MIH Logo - red circle half overlapping blue right-pointing triangle Make It Happen!
MIH Home


Phase III

The following Classroom Close-Up is taken from the Teacher's Guide to Developing an I-Search Unit, a component of the Make It Happen! manual.

Cooperative Learning Activity

Classroom Close-Up

In the example below, students who have been investigating similar topics share information they have gathered. They see how their information links together and relates to the overarching questions. This type of activity is particularly beneficial for students who have problems seeing relationships because it helps them synthesize and integrate information.

Students work in small groups to create "And . . . But . . ." discussions. One student starts a discussion by presenting a conclusion from his or her research. Then another student elaborates or disagrees by continuing with a sentence that begins with "and" or "but." Everyone in the group has a chance to add to the discussion. The activity encourages students to think in new ways about their information, provides them with additional ideas, and helps them to link their separate searches.

[ Top | Bottom ]

Setting the Context

Sam wanted students to combine their information to answer the Coming to Americas unit's three overarching concepts . He explained, "Today you will be integrating information. I call this the And . . . But . . . activity. It involves drawing on your notes, linking information, and making comparisons.

Doing the Activity

Sam directed the students' attention to the overarching concepts on the bulletin board. "I'd like you to form groups according to the overarching concept that best relates to your I-Search topics," he explained. "Remember to take your note cards with you."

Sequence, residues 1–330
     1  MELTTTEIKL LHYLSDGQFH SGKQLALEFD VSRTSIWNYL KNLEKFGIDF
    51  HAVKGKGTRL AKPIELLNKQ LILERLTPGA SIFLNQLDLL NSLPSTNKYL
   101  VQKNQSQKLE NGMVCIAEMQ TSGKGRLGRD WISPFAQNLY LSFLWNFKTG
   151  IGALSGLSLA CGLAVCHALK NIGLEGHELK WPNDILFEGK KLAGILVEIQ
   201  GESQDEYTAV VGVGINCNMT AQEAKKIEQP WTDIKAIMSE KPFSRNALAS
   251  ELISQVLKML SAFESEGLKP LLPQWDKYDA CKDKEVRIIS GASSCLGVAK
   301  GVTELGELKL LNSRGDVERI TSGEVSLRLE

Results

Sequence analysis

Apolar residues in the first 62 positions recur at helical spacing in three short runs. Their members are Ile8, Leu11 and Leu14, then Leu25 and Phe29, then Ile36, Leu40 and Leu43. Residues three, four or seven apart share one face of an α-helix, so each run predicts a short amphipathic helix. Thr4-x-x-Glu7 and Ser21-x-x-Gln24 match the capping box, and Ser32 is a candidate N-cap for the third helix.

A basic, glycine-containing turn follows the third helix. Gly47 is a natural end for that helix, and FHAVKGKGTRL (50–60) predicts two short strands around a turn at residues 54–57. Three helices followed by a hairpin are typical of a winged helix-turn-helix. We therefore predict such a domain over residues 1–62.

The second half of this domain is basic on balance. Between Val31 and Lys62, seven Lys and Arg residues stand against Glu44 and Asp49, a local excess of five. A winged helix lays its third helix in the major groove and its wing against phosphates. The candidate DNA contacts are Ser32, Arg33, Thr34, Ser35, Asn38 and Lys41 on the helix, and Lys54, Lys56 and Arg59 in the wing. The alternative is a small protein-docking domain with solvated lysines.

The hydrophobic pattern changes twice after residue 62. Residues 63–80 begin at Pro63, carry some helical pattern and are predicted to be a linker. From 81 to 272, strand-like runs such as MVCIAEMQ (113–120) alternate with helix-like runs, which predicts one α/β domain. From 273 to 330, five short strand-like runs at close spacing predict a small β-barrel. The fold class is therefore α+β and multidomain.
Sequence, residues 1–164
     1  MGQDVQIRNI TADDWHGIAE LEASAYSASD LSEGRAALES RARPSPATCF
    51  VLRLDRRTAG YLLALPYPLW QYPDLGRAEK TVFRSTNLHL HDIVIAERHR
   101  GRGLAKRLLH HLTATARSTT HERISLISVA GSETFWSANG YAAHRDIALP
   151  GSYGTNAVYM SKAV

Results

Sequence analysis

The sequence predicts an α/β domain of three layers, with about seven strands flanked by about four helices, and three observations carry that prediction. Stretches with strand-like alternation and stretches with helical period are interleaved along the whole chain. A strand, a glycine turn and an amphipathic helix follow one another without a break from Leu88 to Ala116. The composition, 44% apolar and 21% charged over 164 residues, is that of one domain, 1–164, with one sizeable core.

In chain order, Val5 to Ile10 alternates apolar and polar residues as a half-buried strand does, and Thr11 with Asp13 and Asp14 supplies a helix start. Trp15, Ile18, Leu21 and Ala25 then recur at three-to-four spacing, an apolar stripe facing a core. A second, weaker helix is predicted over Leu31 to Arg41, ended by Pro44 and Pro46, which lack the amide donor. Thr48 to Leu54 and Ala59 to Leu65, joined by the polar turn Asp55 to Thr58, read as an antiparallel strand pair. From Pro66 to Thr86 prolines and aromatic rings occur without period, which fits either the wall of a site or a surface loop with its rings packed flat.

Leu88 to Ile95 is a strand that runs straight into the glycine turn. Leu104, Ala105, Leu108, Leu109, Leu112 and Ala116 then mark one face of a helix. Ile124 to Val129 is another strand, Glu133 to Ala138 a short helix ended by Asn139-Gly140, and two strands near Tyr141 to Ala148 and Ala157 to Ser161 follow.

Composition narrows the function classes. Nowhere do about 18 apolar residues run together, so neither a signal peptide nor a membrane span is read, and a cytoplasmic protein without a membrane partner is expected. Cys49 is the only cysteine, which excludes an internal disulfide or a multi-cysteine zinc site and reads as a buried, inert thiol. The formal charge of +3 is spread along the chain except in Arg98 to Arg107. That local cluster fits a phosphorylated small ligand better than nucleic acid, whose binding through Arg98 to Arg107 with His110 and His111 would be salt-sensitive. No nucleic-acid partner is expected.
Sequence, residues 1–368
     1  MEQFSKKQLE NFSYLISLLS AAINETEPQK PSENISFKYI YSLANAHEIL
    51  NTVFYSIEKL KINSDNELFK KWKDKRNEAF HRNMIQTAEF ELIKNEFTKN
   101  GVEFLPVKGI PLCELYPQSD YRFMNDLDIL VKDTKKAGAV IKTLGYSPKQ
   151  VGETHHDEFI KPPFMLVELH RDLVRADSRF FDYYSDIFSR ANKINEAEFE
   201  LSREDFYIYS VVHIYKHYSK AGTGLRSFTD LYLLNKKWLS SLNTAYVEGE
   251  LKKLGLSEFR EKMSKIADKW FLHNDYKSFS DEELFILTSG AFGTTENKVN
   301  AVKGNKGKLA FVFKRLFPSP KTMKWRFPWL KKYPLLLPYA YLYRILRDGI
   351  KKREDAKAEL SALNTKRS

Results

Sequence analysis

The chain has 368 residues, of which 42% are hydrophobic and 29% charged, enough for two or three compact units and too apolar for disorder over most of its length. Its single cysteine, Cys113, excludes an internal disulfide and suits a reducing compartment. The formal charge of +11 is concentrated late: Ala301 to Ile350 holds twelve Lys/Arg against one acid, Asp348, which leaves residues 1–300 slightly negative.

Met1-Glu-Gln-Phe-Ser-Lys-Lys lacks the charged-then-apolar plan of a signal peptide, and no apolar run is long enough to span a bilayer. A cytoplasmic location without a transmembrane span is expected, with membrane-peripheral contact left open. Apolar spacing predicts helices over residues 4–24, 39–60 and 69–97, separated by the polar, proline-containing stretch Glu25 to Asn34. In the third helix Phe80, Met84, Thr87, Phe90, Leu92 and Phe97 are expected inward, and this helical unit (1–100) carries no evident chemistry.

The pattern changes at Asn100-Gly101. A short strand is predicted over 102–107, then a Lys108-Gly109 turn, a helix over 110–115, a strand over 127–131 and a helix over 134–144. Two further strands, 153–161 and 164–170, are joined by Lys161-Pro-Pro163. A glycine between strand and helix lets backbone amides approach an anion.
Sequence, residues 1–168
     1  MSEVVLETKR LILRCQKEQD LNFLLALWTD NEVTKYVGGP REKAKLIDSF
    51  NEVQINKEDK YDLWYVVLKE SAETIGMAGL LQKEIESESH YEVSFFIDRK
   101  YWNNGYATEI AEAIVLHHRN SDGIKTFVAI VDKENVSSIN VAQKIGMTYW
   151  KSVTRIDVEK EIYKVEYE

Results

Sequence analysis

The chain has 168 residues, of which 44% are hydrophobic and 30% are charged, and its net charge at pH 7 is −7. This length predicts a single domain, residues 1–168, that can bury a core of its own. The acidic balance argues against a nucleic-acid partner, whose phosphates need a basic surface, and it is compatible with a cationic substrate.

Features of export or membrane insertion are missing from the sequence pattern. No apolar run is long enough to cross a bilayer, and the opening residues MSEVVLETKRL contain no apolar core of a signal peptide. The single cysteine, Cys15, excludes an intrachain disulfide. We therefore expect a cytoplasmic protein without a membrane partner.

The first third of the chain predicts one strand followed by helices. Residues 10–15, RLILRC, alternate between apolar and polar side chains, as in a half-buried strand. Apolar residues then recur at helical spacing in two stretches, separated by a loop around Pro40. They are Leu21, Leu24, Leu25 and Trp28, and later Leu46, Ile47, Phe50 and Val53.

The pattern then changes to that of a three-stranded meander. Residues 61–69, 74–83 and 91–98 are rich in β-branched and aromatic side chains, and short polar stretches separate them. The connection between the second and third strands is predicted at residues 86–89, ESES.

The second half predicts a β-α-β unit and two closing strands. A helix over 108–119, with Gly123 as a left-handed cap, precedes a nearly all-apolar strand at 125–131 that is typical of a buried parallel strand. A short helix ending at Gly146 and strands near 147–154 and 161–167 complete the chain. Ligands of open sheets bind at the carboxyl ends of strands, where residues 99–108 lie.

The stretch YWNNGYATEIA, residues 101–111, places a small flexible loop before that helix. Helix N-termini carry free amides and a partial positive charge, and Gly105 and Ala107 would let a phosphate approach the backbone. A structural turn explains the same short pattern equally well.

Once students were seated in their groups, Sam explained the process.

One member of each group begins the discussion with one thought-provoking or controversial sentence that expresses a finding from his or her notes. Other members of the group listen carefully and then, when called upon by the speaker, add a sentence beginning with either "and" or "but."

Sam clarified that "and" signaled an agreement or addition to the previous sentence, while "but" signaled a contrasting idea from what was just stated.

Sam circulated among the groups, listening to their discussions. He also set up a tape recorder for each group so they could record their discussions. When everyone in the group had taken a turn, they played back the tape and made notes in their journals on the following:

  • What did I learn from the discussion?

  • What were the themes common to our research?

  • Who in my group has information I might use for my own search?

Bringing the class together, Sam gave each group a chance to share their ideas. He said, "As you spoke, I couldn't help but notice how many of your themes bring us back to our overarching concepts."

[ Top | Bottom ]

Linking Back to the I-Search Process

Sam used this thought-provoking activity again the following week. He grouped the students around a variety of topics such as periods in history, racial and ethnic groups, and regions of the world.

A Project of
EDC logo

Make It Happen!
Education Development Center, Inc.
55 Chapel Street
Newton, Massachusetts 02458-1060
Phone: 617-969-7100 x 2426
Fax: 617-969-3440

©2000 Education Development Center, Inc.

[ Home | I-Search | Technology | Process | Facilitation | Products | Links ]